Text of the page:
The epicentre of that learning will be Ruatoria – where more than 90% of the population is Māori, unemployment is high and the economy has withered in recent decades. The town lost its last retail bank in 2015.
A site just out of town will house a sophisticated lab and production facility. Equipment there will, in some cases, need to be monitored in real time from the US, because there's no local support. (It's a good thing Ruatoria has ultra-fast broadband these days.)
And although the final Ministry of Health regulations won't be published until December, officials have been open with potential producers about their likely shape.
A key factor in the cost and scarcity of cannabis-based medicines so far has been the requirement for them to be of pharmaceutical grade, which means expensive Phase 3 clinical trials for every product. The new regulations are expected to have a "near-pharmaceutical" category in which manufacturing standards and product contents will be controlled.
The rules will also include the ability to export.
This is crucial for Hikurangi, as it will initially fund its operations by supplying bulk extracts to a broker in San Diego. But New Zealand's brand image and Hikurangi's own story – it is in part a social enterprise – offer the chance of a premium in the international market. And Manu Caddie is emphatic that the company's future extends well beyond primary production.
"In five years' time we'll have made a lot of money from bulk extract exports, which is where the short-term opportunity is in the industry. And we'll have some clinical trial data and evidence under our belt, and some novel products and delivery devices within our stable – and be well on the way to licensing some of that IP to other companies in other parts of the world.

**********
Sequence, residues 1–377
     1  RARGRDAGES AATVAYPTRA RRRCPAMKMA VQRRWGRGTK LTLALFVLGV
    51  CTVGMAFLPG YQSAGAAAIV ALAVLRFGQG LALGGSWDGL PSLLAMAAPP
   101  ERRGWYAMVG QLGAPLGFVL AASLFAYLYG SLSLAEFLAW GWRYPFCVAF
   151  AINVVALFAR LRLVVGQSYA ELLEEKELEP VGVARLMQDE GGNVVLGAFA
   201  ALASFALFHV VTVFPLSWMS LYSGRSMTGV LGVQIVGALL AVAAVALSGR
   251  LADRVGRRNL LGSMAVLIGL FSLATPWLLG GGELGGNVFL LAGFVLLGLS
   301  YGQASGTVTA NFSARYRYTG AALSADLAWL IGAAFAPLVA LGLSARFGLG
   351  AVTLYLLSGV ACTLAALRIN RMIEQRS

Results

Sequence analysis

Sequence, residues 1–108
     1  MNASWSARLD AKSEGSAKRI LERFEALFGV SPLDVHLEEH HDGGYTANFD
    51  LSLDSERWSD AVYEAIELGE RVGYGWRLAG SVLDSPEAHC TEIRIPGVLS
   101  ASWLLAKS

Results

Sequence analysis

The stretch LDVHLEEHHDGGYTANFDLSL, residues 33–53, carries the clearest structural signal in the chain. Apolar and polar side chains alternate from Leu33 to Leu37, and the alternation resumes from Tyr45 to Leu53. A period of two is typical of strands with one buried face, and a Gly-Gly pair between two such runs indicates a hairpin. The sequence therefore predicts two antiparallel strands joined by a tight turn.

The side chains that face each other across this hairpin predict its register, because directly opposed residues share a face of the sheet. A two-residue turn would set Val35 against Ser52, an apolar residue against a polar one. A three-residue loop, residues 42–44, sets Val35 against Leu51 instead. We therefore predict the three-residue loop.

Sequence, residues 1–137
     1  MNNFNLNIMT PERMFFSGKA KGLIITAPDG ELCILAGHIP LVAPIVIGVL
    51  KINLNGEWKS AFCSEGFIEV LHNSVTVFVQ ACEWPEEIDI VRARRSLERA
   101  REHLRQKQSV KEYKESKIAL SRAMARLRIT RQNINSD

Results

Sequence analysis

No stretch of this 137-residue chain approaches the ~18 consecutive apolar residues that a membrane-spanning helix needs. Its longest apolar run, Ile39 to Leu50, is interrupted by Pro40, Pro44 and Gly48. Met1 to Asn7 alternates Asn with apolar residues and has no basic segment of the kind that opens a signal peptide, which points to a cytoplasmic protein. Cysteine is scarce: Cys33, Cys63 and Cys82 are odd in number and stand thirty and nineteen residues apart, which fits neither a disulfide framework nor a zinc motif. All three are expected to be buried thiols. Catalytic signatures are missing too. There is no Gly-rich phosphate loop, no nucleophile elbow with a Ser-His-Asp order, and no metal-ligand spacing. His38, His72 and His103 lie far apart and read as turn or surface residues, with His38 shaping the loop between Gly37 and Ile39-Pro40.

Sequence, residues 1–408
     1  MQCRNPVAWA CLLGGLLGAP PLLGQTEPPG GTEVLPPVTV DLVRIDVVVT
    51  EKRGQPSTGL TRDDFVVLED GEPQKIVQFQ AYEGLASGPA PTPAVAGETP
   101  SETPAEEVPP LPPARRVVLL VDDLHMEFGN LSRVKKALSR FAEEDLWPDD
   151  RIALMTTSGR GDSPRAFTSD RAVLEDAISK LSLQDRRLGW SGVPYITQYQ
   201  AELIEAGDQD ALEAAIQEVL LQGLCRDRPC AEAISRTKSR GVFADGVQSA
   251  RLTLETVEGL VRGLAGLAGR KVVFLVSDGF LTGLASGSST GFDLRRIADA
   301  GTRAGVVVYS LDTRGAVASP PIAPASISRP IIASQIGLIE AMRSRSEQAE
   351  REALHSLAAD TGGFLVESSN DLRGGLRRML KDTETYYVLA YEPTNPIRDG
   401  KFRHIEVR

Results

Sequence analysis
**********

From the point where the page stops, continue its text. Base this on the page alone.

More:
"We'll be exporting as well as providing cheap, very effective products to New Zealand patients – that are hopefully by that stage subsidised – and that we can produce much more affordably because we have those export opportunities."
For Brandon Veevers and his team – all of whom come from a similar background to him – the growth has already begun.
"Coming from the background we have, when you grow, you know what you need to do, you know what you need, you just get out there and do it. Coming from the legal side, you've got to record this, you've gotta do all sorts of things way different.
"Recording was a hard one for us. Coming from what we were doing, if you wrote anything down, well that's a big thing. If anybody found that, then you got no excuses, you're done.
"It's upskilling us as well. I won't say every grower, but there are a lot of growers whose educational background wasn't great. Getting used to using a laptop and writing things down is a big thing.
"Myself and the guys that are growing with me, we know how to structure something that other people can follow now. Which is pretty cool."
And while Hikurangi looks to a future in the international market, Brandon is thinking local.
"It's good for all of us. Everybody gets to have a part in it. You don't have to grow, you can be somebody who supplies soil and stuff like that. It's going to help out community, and put our kids into things like being lab technicians instead of lining up for a bloody benefit cheque or whatever."